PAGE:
i) Azerbaijan-Iran. An Iranian parliamentary delegation paid an official seven-day visit to Azerbaijan from 5-11 March in an effort to study ways of boosting bilateral cooperation. The delegation met with Azeri President Heidar Aliev.
a) Central Asian Economic Organization (CAEO)
(1) A meeting of the foreign ministers of Kazakhstan, Kyrgyzstan, Tajikistan, and Uzbekistan was convened on 5 February in Bishkek, the capital of Kyrgyzstan. They discussed ways of turning this forum into a Central Asian Economic Organization (CAEO) and of strengthening their cooperation within that format. (2) At a summit in Alma-Ata, Kazakhstan, on 1 March the presidents of the CAEC forum decided to establish the CAEO and Uzbek President Islam Karimov was elected the chairman of the organization.
b) Shanghai Organization for Cooperation (SOC)
Representatives of SOC members Kazakhstan, Russia, China, Uzbekistan, Tajikistan, and Kyrgyzstan met in Moscow from 5-6 March to coordinate the April meeting of the foreign ministers. It will be convened in Moscow. The SOC summit meeting will be held in St Petersburg, Russia, in June.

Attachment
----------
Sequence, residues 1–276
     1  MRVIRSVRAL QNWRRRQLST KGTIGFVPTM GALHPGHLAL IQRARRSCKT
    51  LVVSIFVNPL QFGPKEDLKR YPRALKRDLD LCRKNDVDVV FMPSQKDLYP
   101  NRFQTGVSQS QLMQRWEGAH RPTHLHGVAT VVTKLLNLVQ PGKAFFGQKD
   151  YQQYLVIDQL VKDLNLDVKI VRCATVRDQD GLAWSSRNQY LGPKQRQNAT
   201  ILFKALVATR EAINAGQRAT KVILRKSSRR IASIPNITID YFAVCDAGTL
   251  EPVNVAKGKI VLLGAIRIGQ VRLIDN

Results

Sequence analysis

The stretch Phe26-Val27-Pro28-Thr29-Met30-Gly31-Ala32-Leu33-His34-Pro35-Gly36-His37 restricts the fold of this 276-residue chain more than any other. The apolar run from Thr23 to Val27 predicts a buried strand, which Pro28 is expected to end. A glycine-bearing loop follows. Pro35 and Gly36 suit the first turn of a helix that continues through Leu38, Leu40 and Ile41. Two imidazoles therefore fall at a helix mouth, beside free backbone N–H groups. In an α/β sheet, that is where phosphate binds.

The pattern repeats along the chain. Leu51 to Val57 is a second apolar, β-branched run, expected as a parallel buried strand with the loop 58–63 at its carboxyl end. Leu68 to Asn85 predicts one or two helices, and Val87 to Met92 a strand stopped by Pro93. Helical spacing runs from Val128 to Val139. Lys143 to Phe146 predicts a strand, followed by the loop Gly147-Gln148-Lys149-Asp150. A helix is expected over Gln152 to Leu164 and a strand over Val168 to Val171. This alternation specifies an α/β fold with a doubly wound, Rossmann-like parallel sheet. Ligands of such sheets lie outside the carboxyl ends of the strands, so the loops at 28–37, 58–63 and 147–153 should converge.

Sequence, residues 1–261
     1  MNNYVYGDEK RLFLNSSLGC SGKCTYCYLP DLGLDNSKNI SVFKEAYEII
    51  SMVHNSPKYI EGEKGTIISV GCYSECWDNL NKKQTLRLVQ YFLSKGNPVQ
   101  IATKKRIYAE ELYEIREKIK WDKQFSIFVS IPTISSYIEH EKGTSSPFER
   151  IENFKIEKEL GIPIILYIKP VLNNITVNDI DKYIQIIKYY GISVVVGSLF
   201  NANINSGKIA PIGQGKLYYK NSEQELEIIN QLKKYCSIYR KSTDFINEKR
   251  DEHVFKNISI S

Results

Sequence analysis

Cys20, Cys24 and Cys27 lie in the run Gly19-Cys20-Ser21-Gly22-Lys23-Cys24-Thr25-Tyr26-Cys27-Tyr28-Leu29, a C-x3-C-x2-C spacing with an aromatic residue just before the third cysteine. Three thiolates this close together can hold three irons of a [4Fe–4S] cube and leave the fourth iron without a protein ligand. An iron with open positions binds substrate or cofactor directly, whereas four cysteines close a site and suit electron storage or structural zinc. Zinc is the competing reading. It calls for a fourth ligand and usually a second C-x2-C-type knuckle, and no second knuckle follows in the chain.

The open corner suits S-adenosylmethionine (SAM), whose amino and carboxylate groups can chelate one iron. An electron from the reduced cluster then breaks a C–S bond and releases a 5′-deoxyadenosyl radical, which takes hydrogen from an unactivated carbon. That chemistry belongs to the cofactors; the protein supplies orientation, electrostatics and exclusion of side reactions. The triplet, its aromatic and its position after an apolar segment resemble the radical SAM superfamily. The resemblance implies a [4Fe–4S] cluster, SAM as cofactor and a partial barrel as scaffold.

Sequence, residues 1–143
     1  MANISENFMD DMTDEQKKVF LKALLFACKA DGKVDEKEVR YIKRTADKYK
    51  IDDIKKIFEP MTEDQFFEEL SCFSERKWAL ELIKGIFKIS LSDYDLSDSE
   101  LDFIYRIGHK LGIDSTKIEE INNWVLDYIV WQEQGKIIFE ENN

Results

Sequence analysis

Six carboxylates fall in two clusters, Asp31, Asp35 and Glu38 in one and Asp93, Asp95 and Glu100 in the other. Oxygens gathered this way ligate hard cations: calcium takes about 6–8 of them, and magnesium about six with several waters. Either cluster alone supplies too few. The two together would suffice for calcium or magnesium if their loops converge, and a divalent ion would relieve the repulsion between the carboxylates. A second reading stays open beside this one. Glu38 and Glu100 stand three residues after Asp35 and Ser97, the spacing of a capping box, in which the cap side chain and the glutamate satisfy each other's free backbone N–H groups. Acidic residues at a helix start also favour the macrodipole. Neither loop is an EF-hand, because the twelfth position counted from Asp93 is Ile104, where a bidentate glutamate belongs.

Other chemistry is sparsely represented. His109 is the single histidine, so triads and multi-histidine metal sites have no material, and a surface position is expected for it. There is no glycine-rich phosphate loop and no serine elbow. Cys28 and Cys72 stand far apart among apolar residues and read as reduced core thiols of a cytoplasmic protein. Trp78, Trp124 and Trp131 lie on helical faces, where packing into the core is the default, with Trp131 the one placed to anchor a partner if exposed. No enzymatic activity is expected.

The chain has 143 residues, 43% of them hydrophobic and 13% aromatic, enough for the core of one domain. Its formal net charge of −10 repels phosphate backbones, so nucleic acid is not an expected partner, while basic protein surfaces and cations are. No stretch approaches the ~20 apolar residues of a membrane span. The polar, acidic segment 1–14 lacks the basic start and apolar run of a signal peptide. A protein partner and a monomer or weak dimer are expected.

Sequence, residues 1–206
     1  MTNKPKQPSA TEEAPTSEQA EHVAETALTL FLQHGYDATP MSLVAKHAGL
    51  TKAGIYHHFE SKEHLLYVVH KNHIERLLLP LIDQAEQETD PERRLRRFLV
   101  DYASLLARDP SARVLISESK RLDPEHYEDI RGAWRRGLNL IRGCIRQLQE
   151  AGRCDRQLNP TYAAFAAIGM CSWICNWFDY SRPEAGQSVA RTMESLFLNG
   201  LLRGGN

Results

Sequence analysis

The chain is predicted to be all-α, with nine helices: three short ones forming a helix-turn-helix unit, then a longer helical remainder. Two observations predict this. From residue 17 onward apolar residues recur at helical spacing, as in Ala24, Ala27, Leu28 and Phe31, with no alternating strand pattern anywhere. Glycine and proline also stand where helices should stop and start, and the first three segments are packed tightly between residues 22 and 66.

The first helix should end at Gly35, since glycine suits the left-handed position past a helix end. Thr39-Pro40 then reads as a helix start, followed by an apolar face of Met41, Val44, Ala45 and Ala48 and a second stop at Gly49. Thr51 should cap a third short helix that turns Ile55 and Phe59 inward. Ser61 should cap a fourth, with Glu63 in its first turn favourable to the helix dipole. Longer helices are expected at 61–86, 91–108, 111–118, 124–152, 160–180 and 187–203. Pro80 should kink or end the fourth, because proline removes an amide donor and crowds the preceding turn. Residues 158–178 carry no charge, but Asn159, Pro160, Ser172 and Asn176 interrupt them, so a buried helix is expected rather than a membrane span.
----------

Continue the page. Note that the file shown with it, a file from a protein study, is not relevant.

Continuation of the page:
(1) An expert group meeting on the situation of the Collective Security Treaty was convened on 18 February at the Russian foreign ministry in Moscow. The participants agreed that instability will remain in Afghanistan for the long-term and that there is a need to adapt their foreign policy to the security arrangements in this country. (2) The informal CIS summit in Alma-Ata on 1 March was without an official agenda. Among the topics discussed were the regional situation, the anti-terrorist operation in Afghanistan, economic integration, and energy issues. Russia has been asked to develop a new vision for the Commonwealth of Independent States (CIS) and present it in May at the formal CIS summit in Moldova. It is becoming clearer to the twelve individual CIS actors that the convertible political currency of their relations is the national interest. Using this currency effectively is the political challenge for the present and future leaders of the CIS.
a) World Bank-Azerbaijan-Georgia. The construction of a border motorway from Baku to Georgia was discussed between World Bank (WB) experts and Azeri authorities in January. The WB will provide US$40 million, the Azeri government US$6.62 million, and the EU TACIS program will supply US$2 million towards the project.
b) US-Ukraine. The US Trade Development Agency (TDA) provided a grant of US$200'000 to the Ukrainian state oil transit company on 29 January for strategic planning related to the marketing of the Odessa-Brody oil pipeline.